About JD Hall
I was born up in a hollow in the hills of Eastern Kentucky where for those living there each day was a struggle to survive. Therefore many of my family, neighbors, and kin thought it very strange that someone from here, the mountains, would chose a life of “art”. My father, although he made every attempt to make a way for me to do what I was called to do, asked me very pointedly one day near my twenty-first birthday, “Why do you do this thing?”. I answered then and the same is still true today, “I am called to do this thing and I must do it above all other things”.
There is no open culture of the arts in the mountains per se, most of the world would see quilting, carving, making of decorative useful items as folk art, whimsy, and handcrafts. It is all that the farming-timber-coal industry, environment, and social mores would allow. Time and talents were too scarce for that which did not directly put food on the table, clothes on the back, or shoes on the feet. But I was called to record, interpret, and depict the people, the land, and this place called Appalachia.
The landscape must be seen in its true light of all the seasons with its colors and harmonies. The people must be seen for their hopes, dreams, ambitions and desires filtered through the lens of who they are and what they do at home, at work, in the schools, at play, and in the church. It must be definitively shown how the land and the people are so inextricably intertwined that where they are, their sense of place, is who they really are in the end.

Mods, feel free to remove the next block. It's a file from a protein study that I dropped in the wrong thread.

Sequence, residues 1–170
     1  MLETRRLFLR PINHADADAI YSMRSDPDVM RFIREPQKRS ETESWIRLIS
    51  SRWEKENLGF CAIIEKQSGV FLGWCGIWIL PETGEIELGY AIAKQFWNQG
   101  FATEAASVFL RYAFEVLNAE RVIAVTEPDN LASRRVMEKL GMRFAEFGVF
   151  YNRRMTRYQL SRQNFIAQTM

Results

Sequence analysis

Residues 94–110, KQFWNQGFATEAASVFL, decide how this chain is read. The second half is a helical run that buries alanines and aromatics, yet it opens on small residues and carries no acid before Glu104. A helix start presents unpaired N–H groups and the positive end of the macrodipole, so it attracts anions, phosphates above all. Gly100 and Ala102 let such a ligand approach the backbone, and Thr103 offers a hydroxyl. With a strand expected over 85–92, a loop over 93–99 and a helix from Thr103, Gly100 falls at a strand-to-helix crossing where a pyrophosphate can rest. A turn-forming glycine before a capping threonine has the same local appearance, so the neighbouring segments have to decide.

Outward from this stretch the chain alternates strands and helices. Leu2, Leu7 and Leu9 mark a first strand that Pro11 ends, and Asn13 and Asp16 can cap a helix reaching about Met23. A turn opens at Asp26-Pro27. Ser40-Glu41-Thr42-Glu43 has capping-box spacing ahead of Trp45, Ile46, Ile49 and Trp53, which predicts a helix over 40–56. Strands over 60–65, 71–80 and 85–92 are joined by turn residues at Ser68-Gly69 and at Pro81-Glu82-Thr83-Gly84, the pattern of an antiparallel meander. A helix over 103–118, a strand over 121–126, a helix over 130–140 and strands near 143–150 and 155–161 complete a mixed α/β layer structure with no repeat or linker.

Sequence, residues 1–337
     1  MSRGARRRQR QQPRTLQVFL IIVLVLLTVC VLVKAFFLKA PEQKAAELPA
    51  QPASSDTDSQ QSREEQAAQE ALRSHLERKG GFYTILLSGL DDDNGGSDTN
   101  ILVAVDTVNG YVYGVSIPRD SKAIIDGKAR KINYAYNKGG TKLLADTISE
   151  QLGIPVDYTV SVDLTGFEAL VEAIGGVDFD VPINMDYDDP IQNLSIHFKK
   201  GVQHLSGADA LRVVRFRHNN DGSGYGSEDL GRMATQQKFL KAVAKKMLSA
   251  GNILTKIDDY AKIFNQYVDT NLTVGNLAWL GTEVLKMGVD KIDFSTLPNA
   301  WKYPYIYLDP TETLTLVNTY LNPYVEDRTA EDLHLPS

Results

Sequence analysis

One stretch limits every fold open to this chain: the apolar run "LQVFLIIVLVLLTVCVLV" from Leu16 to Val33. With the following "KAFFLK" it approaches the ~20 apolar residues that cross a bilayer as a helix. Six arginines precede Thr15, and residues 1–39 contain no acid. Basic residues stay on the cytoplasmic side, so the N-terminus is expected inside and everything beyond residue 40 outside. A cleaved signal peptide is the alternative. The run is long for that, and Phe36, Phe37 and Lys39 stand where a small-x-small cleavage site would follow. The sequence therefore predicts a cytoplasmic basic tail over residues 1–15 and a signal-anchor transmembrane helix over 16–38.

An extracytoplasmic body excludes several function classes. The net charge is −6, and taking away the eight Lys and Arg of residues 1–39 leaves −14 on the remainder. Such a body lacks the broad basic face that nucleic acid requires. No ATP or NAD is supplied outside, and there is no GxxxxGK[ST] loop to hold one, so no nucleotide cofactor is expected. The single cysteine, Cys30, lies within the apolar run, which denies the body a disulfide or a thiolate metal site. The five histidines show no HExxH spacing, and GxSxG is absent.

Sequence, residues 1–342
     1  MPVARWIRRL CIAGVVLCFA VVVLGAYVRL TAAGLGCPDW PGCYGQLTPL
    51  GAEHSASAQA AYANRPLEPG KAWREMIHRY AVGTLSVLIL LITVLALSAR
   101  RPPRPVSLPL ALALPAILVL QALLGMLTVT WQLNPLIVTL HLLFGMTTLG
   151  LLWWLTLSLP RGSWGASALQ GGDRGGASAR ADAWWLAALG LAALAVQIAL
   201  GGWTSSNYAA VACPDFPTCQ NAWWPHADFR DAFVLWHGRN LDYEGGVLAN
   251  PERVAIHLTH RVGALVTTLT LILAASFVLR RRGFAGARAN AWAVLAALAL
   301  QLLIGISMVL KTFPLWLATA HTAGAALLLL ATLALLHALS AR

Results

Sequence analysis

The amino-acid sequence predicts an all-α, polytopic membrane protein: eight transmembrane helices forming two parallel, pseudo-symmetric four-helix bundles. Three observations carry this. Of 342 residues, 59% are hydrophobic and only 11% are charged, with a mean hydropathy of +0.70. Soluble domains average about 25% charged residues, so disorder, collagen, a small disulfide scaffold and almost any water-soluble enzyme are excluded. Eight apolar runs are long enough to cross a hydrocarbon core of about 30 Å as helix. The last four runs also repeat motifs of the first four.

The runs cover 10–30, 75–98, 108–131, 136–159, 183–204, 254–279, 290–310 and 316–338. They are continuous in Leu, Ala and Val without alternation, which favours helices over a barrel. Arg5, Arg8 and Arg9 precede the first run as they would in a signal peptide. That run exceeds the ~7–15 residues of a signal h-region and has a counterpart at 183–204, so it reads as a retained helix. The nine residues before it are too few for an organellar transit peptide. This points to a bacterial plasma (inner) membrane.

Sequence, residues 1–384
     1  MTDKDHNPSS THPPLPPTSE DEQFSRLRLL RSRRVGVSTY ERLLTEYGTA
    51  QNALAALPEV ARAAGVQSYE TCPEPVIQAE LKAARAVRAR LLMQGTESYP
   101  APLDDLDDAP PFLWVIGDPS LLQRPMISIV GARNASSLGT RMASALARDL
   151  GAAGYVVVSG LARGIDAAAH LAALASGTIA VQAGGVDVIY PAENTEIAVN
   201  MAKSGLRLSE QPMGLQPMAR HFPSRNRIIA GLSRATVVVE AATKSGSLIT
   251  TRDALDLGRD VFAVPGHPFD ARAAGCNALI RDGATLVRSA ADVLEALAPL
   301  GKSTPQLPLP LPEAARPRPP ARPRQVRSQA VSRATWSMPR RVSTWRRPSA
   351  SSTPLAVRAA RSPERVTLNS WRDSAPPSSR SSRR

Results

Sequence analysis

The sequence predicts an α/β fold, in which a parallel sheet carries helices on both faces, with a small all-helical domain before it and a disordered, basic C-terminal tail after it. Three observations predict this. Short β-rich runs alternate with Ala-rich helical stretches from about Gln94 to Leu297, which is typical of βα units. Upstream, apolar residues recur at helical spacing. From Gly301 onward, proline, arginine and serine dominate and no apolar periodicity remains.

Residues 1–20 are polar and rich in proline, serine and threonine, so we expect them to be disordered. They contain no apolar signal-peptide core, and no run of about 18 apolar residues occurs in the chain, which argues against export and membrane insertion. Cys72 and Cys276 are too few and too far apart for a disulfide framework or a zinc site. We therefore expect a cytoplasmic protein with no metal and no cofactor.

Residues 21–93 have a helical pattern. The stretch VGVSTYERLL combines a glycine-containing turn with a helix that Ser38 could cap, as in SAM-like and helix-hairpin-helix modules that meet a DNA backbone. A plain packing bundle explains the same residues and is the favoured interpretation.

I was called to do this, to tell this story, to show this picture of our place nurtured in the womb of the mountains. The mediums I use are time honored and sure, with a palette that is rich but some may say sparse as the land requires. The scenes are ordinary, everyday, and yet timeless and monumental in what they say of the human condition. It is an awesome task and one not to be finished in just one lifetime, by just one person, it must be carried on by others and taken to the end of the tale.
I am humbled that I have been called to this and I still work with an urgency that comes from mortality. I hope you enjoy these scenes, feel you know these my people, and I hope your life is richer and fuller for having been my guest.